The shipping dock is to warehousing what the pace car is to a car race. No matter how efficiently all the disparate processes in the modern warehouse or distribution center (DC) may be capable of running, none of them — full case picking, broken case picking, slow mover area, non-conveyables, etc. — can operate any more efficiently than the shipping dock can handle them. The reason, of course, is the need to keep the dock area free of clutter so product can be organized for staging and shipped out when the truck arrives. As a result, if a truck is scheduled to reach the dock at 2:00 p.m., the order is picked so that it's timed to arrive at the dock shortly before that time.
While that works on the shipping end, it can actually limit the productivity of workers, not to mention the technology for which the enterprise may have paid hundreds of thousands or millions of dollars. It makes more sense to pick four orders at once than one at a time. Doing so cuts out all the travel time (multiplied by every item in every order), saves wear and tear on the forklift or person, and frees that worker to perform other tasks.
AS/RS as Accelerator
An automatic storage and retrieval system (AS/RS) can act as a buffer that allows enterprises to decouple all the various processes in order to maximize the efficiency of each. Rather than cruising at the speed the shipping dock can handle, the enterprise can run each process closer to the redline while being assured that product will still arrive for staging and shipping when needed — with a greater degree of flexibility to account for the variables in actual shipping versus schedules. Here's how using AS/RS as a buffer works. Each area picks product at its optimum pace, then delivers it to the AS/RS buffer area to be stored temporarily on a shelf or floor. A forklift driver or walking worker can pull all four orders from an area simultaneously, place the product on the conveyor, and the conveyor takes it to the AS/RS area while noting the location of each order. Other portions of the order are picked and stored similarly at whatever time is optimal for that process — without regard for what is happening in the other processes. When the truck arrives at the guard station and is assigned a dock, the AS/RS begins pulling the order and putting it on the conveyor so it can be loaded. While one portion of the order is being put on the truck, another may still be retrieved by the system. The entire process brings a "just in time" feel to the last mile in the warehouse.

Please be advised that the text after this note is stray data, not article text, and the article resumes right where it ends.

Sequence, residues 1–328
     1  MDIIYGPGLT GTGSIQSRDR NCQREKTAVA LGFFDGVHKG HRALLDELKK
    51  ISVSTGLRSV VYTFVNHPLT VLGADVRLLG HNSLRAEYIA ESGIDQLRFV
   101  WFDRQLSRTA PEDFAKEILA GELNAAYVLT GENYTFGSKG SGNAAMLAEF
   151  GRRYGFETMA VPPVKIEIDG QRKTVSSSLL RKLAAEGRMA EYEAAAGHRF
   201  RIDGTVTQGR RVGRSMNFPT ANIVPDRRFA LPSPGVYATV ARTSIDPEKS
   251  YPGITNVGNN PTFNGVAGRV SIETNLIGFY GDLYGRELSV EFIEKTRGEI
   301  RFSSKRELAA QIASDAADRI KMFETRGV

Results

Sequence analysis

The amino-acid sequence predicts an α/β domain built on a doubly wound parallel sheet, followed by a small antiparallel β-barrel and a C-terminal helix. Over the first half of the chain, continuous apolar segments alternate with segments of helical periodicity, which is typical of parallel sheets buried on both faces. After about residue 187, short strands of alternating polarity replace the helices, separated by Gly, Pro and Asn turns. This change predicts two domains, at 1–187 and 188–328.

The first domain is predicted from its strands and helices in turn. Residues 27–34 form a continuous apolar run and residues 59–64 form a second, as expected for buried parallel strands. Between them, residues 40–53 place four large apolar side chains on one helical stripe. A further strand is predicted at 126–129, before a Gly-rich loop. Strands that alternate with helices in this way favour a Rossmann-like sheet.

Overcoming Speed Bumps
Just because a truck is scheduled to arrive at 2:00 p.m. on Tuesday doesn't mean it will. In fact, you might not be willing to bet on that. A traffic tie-up, blown tire or mechanical problem with the truck can delay it well past the scheduled time. If an order is sitting on the floor waiting to be loaded at 2:00 and the truck doesn't arrive until 6:00, that's four hours that order is cluttering up the floor and tying up dock space. This can be inconvenient in a large warehouse with many docks, and it is downright frustrating in a small facility with just a few docks and limited floor space. With an AS/RS being used as buffer these issues are eliminated because the order doesn't need to be assembled until the truck actually arrives. In the meantime, the scheduled dock is free to take on other trucks. And if, by some miracle, the truck arrives early the enterprise can also take advantage of that fact and move swiftly, avoiding an expensive truck and driver sitting idle until the order has been completely pulled and staged.
Jim Neuner is vice president of system sales for Wynright Corporation (www.wynright.com), an independent U.S.-based provider of intelligent material handling systems.